Judge Cynthia Boris wants to let this one ride.
Our reviews of Vega$: The Second Season, Volume 1 (published December 31st, 2010), Vega$: The Third Season, Volume 1 (published May 24th, 2012), and Vega$: The Third Season, Volume 2 (published August 14th, 2012) are also available.
From call-girl murders, land disputes, business fallouts and celebrity protection, VEGA$ covers the underbelly of the shimmering desert oasis in Nevada.
If you turned on the TV in 1978, you had a very good chance of watching a program with the name Aaron Spelling in the credits. Starsky and Hutch was winding down from a successful run, Charlie's Angels was in its heyday and Fantasy Island was about to add "de plane" to our pop culture vocabulary. 1978 was also the year of Vega$. Believed to be the first series shot entirely in Las Vegas, the series wasn't all about the glitz and glamour of the casinos. More often than not, it was about the bad things that happen when power and money meet poverty and the streets. This is Vega$: The First Season, Volume 1.
Facts of the Case
Dan Tanna (Robert Urich, The Ice Pirates) is a laidback P.I. who lives in an industrial building behind the Desert Inn casino in Las Vegas. He parks his pristine T-Bird in his living room. Keeps in touch via a car phone (1978, remember) and he has a soft spot for stray dogs and dumb blonds (Judy Landers).
He is ably assisted by Beatrice (Phyllis Davis), a single mom who choreographs showgirls when she's not working for Dan and to a lesser extent, Binzer (Bart Braverman), a former thief who does a lot of Dan's legwork.
There are 11 episodes on this DVD, only half of the first season.
Flip to the middle of any episode on this DVD, and you could be watching an episode of Starsky & Hutch or Charlie's Angels. There's just something about an Aaron Spelling cop show that is familiar—be it the lighting, camera angles, guest stars or plots.
Vega$'s hook is the locale, Sin City, and yet most of the stories could have been set in Los Angeles, Chicago, or any popular city. Dan does stroll through a casino once an episode, and there are plenty of showgirls and bikini-clad tourists wandering around in the background, but the essence of what makes Vegas, Vegas is totally missing.
The show feels like it was trying to be edgy with stories of rape, prostitution, and sex slaves but the episodes themselves are extremely tame. In "Lost Women," villain Cesar Romero invites a group of showgirls to his estate for a party, then drugs them and prepares to ship them out as sex slaves in the Middle East. Dan stumbles upon the plot, is captured and locked in a room with one of the girls (her hands are bound but he's left free) while Romero and his cronies escape with the rest of the girls. It's laughable and there's no sense of urgency in regard to saving the other girls.
And then there's Angie, played by perpetually dizzy Judy Landers. Dan's supposed to be a professional P.I., yet he has a girl answering his phone who literally gets herself wound up in the audio tape when she tries to fix his reel-to-reel answering machine.
These first 11 episodes suffer from an identity crisis. It's like they couldn't decide if they were making a serious cop show or a fluffy, cozy mystery. "Games Girls Play" deals with a senator and an anti-pornography bill, but "Mother Mishkin" is about an aging madam with a heart of gold. I feel like the producers made an effort to include some kind of sexual content in every episode but then watered that content down in order to keep the show fit for families. What a mess.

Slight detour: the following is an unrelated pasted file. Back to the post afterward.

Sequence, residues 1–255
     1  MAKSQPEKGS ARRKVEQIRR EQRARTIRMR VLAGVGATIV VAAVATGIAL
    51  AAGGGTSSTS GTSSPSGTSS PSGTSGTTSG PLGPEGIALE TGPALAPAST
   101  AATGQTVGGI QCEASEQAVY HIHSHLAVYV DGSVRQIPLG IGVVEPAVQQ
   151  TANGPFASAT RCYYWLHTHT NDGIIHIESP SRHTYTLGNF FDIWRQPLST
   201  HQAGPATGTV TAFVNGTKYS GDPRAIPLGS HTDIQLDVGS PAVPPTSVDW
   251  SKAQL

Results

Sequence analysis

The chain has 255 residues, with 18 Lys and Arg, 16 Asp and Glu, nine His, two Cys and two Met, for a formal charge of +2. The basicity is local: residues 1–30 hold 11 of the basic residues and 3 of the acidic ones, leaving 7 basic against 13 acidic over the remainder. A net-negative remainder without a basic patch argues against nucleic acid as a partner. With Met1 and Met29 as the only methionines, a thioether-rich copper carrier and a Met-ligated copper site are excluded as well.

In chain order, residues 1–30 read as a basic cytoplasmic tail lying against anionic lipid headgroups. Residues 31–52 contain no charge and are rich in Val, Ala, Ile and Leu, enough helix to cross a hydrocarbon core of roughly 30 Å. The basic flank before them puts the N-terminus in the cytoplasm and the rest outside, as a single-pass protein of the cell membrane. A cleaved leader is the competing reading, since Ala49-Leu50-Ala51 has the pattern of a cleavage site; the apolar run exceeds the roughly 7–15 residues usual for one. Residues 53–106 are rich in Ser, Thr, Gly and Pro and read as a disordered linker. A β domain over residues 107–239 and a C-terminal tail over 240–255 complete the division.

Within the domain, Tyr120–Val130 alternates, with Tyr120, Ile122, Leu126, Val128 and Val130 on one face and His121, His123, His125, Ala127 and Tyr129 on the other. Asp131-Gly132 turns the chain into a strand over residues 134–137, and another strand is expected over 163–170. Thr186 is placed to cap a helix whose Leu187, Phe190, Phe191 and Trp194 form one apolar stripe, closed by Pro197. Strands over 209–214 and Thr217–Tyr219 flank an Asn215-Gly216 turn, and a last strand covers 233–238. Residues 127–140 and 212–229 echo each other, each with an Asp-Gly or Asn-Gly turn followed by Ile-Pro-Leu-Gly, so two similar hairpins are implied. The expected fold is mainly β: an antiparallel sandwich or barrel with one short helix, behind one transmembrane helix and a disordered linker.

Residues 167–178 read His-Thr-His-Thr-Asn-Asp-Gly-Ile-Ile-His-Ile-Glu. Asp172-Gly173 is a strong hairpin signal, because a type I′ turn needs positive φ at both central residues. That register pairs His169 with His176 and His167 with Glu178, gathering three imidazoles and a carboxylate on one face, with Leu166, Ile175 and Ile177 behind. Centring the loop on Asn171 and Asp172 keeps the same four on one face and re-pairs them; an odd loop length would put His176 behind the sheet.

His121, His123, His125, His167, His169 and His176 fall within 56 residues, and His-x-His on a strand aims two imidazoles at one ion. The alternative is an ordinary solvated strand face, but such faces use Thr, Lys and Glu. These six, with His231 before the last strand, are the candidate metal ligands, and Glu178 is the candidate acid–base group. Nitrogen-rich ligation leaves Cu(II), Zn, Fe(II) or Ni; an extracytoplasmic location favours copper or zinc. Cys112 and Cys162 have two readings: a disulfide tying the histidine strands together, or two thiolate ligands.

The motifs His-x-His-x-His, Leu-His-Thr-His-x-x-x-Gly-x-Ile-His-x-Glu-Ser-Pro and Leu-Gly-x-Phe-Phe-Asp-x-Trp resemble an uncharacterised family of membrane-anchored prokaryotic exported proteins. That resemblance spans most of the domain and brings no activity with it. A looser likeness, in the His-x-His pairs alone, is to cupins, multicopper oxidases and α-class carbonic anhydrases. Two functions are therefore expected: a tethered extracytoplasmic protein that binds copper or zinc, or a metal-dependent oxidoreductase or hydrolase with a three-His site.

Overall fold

Keeping with the "what a mess" theme—we have this DVD release. First of all, there are only 22 episodes in the first season and still they break it up into two volumes? Why? The box art fits the cheesy '70s style but I wish they would have done something to spiff it up. The three discs are in a flipper case with the episode descriptions hidden on the back of the cover art. They do get points for decent descriptions and a nice list of guest stars (a plentiful list including Anne Francis of Honey West, Ross Martin of The Wild, Wild West, Kim Basinger, and Robert Reed and Maureen McCormick playing father and daughter in a very un-Brady Bunch episode).
The only special features are episode promos on some of the episodes. These promos are poor quality and the audio is way too loud. The overall audio is pretty poor. I found myself constantly needing to adjust the volume up and down. The video, however, was better than I expected.
The Rebuttal Witnesses
Vega$ does have one very big, saving grace and that's its star Robert Urich. Urich, who was known to TV audiences as one of the co-stars of S.W.A.T., had an easy, good-old-boy charm and the body of a Hollywood hunk. That boy could work a pair of jeans like nobody's business, and when he smiled every woman within ten miles felt the pull.
Urich was hot but he didn't act it. He came across both on screen and off, as a down-to-earth guy who was counting his blessings, and he's the reason Vega$ remained on the air for three seasons.
Vegas$ is one of those shows that I remember as being better than it turned out to be on DVD. The series has rarely been run since its original airing so my memory has had plenty of time to gloss over the issues that I'm noticing now. I've heard from other fans that you shouldn't judge the entire series on this poor start. They say the show gets tighter and more dramatic as the season progresses and that would be in line with the way I remember it. So let's chalk this one up to a bad start and wait for the next DVD release before we make any rash judgments about Vegas$.
This court finds Vega$: The First Season, Volume 1 to be guilty but the court reserves the right to rescind the decision upon reviewing further evidence.
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